Six things the Diablo III reveal can teach other publishers about unveiling games

By Patrick Garratt
30 June 2008 15:54 GMT


It was, in a word, awesome. The Diablo III reveal in Paris on Saturday was the stuff of dreams. Dream product, dream venue, dream organization. We got there and reported from it with ease. Why? Because everything we ever wanted from a press conference was included. For all the publishers and developers in the audience, everything you’re doing wrong when showing your games to the press for the first time is listed after the break. Please take note.

Things you should do when announcing a game at a conference

1 – Provide a proper, industrial strength internet connection. This is baffling to us. The vast majority of gamers get their information primarily from the internet. That’s a fact. And yet publishers still insist on not providing heavyweight wireless internet connections at events web journalists try desperately to report from live. Take the Sony PlayStation Day in London. No web connection at all. Why? The Worldwide Invitational provided a super-speed wireless connection to journalists, with limited log-ins meaning it wasn’t swamped. It meant reliable live reporting including photo uploads as the conference happened. Please take note the rest of you. EA’s recent London event had a great wireless connection and, again, you only got access by asking for a key. A good sign, but you can bet your bottom dollar none of the E3 or Leipzig conferences have it. Really helpful.

2 – Don’t have mini-Hitlers stopping people moving around. The Worldwide Invitational was a huge, huge affair, and yet the atmosphere with crowd control staff was blissfully relaxed. Journalists need to get up from their seats at presentations to take photos, film, and so on. This is a fact. There were no restrictions on movement at all. People were running around as they pleased and there was ample spacing between rows of seats. Please, please, please take note. We’re not there to smile and clap. We’re working, and we’re reporting on your products. Don’t stop us being able to do it properly by employing some brain-cripple in a suit to stop people trying to take fucking photographs that don’t include the back of someone’s head.

3 – Provide a proper, genuine ton of assets. Yep, we know development’s very hard, and we know deadlines are a nightmare, but just look at what we got on Diablo III. Dozens of shots, loads of art and a 20-minute gameplay movie, all released at the event itself. You want your game to headline every major site, right? That’s how you do it.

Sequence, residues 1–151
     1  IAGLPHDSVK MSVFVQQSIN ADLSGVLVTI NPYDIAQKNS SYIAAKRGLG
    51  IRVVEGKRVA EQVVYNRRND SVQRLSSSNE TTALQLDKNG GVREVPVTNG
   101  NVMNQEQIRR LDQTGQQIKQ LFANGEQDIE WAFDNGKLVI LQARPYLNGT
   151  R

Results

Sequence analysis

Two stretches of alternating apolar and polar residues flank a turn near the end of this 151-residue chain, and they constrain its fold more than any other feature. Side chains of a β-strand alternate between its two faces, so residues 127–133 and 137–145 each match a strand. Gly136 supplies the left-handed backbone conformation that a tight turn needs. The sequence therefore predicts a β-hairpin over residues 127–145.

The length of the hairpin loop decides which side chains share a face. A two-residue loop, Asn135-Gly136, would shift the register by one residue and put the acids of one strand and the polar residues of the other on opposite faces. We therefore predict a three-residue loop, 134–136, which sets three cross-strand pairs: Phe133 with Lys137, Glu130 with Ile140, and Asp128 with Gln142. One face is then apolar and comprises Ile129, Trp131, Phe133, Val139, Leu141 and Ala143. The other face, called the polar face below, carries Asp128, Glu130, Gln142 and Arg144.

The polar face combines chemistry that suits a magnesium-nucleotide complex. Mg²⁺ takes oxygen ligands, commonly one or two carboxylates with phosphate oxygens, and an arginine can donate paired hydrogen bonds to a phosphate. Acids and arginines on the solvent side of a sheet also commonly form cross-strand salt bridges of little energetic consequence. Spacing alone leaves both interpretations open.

4 – Don’t give out any details to “partners” before the event. Blizzard has kept Diablo III under wraps for four years. That means it is possible. Until the game’s logo was shown in that presentation, no one outside the company knew for sure what it was. We’d spoken to properly senior sources in the UK and Europe in the week running up to the event that were “99 percent sure” it was Diablo III, but no one really knew. The atmosphere on the day was insane. There is nothing more demoralizing or hate-inducing than spending the money, taking the time and making the commitment to attend these events to get an MSN message 10 minutes before the conference starts saying, “It’s on IGN”. Have some faith in your fucking games, for God’s sake. And if you can’t have faith in them, shouldn’t you be asking yourself why?

5 – Nail the big four – movie, shots, wallpaper, lore. This was highlighted to us this morning by someone who really does know about these things. As well as assets, the lore aspect of Diablo was covered in hilarious detail at the Worldwide Invitational, leaving few questions unanswered. So we had information on both future and past iterations in the series, art to make things pretty, screens to show what the game looks like and for those who can see it, a stupidly long piece of video showing loads of sections of the game, different classes, monsters, mechanics: everything. Take away any one of those elements and you have a roomful of journalists saying, “Got any artwork?” Not at a Blizzard event.

6 – Do a massive website update. Do not fuck about. When the curtain lifts, blitz your site with all the assets, a new design, wicked graphics, awesome music and leave everyone clicking for Jesus. Why on earth wouldn’t you? You’re not rubbish, are you?

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